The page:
Problems with smart beta – part 5: It’s impossible to know when a factor stops working

This is the fifth post in a series discussing some of the problems associated with investing in “smart beta” strategies. For the previous post on how factors can decay after they become widely known, click here.

We saw in a previous post that factors in the US have been providing pretty torrid returns since 2003. Some factors, such as P/B and size, have been increasingly thought of as being “dead”, and may no longer expected to produce excess returns over and above what would be predicted by CAPM. However, by their very nature factors can go through periods of long underperformance – part of the very reason for their existence is that they’re risky. But how are investors supposed to know when a factor is just going through a bout of poor performance, or whether it’s stopped working completely?

The difficulty for factor investors is that there are a few major hurdles for knowing when a factor breaks down:

  1. Given how much data it’s taken for a tiny number of factors to be accepted as robust, we’d need an equal amount of data to prove they’d broken down. You could spend your entire investing career investing into a previously-sound-but-now-broken factor, and academics would likely still be debating its efficacy when you’re well into retirement. Researchers at Newfound Research tried putting numbers to test this theory, and found that it would take a median of 67 years to declare P/B officially dead.
  2. A broken factor would sometimes perform as if it still worked. Thanks to the noisiness of markets and humans’ ability to see patterns in randomness, a broken factor would occasionally perform as if it was still working. It would therefore be very difficult to tell when a broken factor’s outperformance was just noise, or whether the factor still worked.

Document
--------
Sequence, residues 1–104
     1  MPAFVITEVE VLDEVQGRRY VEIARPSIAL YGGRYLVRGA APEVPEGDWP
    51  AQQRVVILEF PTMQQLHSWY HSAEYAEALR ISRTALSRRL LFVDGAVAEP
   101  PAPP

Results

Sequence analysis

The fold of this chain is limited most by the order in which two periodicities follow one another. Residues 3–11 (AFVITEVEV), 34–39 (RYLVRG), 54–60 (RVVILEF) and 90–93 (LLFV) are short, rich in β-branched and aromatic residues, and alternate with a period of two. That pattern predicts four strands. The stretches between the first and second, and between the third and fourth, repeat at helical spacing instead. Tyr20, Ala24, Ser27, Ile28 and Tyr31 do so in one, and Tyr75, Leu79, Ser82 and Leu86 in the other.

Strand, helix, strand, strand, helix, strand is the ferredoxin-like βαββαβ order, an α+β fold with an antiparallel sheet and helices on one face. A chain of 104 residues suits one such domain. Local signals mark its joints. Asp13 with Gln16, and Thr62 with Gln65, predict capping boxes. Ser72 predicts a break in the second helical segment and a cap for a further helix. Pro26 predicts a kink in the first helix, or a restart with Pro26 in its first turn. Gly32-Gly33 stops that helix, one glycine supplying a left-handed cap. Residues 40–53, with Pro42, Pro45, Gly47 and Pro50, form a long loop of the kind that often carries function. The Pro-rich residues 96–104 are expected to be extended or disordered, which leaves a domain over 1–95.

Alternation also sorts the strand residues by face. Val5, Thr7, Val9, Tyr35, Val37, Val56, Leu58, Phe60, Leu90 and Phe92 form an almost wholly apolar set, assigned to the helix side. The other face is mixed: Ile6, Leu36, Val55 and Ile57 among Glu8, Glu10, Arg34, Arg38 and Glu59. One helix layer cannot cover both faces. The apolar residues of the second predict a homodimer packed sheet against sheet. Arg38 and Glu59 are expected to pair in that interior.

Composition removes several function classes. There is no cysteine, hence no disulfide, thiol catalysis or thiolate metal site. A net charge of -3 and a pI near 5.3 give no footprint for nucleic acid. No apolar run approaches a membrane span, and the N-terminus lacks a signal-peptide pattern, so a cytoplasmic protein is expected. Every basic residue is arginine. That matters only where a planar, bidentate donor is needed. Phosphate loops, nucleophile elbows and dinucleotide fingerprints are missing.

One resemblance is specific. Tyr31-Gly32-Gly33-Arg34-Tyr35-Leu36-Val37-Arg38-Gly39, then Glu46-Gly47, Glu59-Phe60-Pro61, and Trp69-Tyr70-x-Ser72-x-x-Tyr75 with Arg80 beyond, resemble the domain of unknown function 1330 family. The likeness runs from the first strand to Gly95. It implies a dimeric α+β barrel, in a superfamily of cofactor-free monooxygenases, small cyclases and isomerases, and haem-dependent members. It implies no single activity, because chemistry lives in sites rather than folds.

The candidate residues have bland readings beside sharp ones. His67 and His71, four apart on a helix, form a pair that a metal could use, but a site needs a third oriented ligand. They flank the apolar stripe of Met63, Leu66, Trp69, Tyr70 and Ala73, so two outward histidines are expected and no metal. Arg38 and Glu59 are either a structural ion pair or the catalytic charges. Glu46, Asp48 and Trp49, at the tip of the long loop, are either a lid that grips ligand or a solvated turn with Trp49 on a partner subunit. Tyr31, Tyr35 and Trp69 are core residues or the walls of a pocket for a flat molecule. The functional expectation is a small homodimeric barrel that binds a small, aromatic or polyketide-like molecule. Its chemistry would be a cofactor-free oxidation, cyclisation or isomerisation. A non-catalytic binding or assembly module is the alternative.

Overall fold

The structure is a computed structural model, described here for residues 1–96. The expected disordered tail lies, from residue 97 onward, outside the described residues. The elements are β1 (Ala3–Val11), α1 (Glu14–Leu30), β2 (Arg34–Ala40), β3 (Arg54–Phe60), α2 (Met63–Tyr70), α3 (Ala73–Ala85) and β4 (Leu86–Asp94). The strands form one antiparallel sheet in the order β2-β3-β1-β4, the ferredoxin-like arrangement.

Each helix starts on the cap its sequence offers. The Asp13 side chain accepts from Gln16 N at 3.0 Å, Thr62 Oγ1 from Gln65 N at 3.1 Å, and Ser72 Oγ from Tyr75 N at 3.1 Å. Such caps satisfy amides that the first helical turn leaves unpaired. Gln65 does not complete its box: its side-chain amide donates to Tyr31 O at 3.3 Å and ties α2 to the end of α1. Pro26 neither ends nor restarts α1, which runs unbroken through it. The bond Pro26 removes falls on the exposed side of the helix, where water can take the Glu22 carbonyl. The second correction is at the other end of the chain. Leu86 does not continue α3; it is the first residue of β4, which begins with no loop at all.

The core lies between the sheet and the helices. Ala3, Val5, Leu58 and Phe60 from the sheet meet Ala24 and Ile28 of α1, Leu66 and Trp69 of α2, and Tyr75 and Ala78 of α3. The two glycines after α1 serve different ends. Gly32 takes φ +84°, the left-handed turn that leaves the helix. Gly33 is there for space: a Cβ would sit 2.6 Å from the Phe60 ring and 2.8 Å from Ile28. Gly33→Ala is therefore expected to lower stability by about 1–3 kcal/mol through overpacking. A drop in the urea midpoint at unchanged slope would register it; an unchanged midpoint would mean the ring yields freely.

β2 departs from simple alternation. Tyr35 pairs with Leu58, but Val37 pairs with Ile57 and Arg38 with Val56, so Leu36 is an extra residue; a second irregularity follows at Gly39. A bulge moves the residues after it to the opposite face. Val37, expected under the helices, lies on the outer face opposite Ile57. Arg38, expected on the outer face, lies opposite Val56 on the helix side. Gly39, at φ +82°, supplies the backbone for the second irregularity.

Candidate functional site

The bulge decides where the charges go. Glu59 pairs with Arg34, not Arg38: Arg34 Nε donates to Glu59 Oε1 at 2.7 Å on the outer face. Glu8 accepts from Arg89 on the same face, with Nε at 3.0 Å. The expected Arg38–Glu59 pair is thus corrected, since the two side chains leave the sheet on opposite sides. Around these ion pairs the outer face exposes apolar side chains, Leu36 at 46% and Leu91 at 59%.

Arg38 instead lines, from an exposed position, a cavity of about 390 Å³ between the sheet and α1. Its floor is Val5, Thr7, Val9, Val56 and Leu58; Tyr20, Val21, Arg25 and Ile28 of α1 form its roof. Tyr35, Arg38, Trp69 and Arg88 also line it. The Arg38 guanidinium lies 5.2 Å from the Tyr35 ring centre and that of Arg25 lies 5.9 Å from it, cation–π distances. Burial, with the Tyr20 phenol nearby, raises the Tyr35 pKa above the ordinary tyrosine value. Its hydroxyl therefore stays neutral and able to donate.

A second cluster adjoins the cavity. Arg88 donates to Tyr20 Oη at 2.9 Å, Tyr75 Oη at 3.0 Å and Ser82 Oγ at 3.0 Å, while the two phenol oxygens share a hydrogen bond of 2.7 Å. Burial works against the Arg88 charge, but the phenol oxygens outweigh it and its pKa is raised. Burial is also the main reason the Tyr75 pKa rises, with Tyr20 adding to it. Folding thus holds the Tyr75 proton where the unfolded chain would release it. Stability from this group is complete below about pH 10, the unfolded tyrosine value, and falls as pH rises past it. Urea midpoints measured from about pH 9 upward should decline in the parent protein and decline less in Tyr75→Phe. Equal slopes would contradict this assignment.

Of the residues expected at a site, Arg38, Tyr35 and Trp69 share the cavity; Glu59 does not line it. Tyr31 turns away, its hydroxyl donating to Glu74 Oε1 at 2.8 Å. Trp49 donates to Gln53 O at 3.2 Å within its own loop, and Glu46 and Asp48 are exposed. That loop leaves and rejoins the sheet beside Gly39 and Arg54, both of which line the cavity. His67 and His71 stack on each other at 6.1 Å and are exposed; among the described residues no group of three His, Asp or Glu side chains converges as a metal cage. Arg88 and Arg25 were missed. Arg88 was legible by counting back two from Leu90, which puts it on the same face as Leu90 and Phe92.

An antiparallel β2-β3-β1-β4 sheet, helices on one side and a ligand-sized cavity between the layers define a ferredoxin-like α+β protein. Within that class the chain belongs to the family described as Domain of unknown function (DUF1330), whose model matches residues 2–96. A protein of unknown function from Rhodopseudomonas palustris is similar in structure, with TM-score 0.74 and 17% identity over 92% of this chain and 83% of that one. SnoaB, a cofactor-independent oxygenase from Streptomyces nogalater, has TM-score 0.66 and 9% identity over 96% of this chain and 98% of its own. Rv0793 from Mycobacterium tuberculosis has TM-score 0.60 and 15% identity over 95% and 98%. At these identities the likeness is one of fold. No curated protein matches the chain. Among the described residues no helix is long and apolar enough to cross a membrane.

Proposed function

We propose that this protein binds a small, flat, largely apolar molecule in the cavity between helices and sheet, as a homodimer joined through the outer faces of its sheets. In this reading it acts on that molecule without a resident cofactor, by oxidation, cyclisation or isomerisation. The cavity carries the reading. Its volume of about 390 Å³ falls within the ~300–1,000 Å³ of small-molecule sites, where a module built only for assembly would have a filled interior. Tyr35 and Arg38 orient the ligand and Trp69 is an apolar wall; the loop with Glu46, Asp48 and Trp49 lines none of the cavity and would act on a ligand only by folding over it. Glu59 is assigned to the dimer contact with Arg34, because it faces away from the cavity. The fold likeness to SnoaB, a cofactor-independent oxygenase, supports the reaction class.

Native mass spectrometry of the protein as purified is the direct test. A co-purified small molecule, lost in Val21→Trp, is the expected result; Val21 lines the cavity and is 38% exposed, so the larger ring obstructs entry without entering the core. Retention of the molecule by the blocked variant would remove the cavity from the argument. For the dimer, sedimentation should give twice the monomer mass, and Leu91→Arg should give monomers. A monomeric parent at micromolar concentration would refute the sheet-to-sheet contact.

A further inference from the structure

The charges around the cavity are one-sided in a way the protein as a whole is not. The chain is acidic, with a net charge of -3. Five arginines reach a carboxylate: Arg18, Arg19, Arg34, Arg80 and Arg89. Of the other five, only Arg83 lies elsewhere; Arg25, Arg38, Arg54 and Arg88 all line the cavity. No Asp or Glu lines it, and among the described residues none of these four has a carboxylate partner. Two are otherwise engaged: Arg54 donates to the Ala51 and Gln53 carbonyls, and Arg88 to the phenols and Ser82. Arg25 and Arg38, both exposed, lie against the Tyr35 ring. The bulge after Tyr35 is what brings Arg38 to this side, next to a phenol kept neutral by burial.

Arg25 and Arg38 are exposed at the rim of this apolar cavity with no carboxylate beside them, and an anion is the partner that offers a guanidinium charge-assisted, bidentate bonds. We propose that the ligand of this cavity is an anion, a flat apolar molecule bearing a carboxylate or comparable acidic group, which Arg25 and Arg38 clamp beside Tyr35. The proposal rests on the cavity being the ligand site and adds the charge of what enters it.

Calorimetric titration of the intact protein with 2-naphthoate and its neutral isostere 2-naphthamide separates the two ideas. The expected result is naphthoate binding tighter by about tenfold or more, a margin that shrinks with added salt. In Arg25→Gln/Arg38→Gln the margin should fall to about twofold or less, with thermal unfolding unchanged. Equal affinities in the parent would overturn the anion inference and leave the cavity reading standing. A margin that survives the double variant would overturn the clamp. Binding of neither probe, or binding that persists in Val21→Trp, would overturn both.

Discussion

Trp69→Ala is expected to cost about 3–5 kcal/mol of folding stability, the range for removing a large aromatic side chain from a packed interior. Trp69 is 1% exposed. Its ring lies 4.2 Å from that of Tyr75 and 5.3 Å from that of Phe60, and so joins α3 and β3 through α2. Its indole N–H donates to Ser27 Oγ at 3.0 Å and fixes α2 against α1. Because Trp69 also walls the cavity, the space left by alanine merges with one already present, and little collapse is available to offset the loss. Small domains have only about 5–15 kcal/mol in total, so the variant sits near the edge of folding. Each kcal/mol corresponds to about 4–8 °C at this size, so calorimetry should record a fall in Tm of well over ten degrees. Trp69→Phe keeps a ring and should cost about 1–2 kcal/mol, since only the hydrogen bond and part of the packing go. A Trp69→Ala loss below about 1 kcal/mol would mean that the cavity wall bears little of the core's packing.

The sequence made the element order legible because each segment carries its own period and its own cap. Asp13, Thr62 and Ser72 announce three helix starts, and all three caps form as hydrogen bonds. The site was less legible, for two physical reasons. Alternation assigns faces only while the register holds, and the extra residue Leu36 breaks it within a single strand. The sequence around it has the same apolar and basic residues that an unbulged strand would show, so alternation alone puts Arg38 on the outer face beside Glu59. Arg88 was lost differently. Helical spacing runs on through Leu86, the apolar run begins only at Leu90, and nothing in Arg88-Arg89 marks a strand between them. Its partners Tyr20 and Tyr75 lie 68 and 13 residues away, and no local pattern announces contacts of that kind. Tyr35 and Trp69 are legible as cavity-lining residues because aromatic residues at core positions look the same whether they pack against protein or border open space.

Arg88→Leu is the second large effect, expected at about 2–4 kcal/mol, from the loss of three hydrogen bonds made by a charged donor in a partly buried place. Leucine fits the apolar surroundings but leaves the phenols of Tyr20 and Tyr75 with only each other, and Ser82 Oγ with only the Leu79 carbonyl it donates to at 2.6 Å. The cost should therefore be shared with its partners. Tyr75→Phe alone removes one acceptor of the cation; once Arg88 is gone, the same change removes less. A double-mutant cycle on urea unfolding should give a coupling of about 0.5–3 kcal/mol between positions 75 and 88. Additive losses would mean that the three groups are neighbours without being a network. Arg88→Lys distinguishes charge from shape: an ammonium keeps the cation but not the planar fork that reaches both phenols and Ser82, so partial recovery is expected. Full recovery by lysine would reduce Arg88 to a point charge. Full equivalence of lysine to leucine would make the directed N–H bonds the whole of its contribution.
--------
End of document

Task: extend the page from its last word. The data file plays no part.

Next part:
3. Financial institutions have invested huge amounts of money into rolling out factor-based strategies. If there were compelling evidence that a factor had broken down which the company had significant amounts of client assets in, it’s unlikely that they’d publicise it. Investors would be slow to discover the breakdown in the factor because financial institutions would have a vested interest in them not knowing.


A certain amount of faith needs to be adopted by factor investors, as they could realistically go through an entire investing career investing in a “dead” factor without realising. Factor investors need to make peace with this fact before investing, and maintain a certain amount of flexibility within their investment process to allow for portfolio changes resulting from new academic research.

The next post in the series focuses on how too much factor dilution in a portfolio can end up approximating market returns. 

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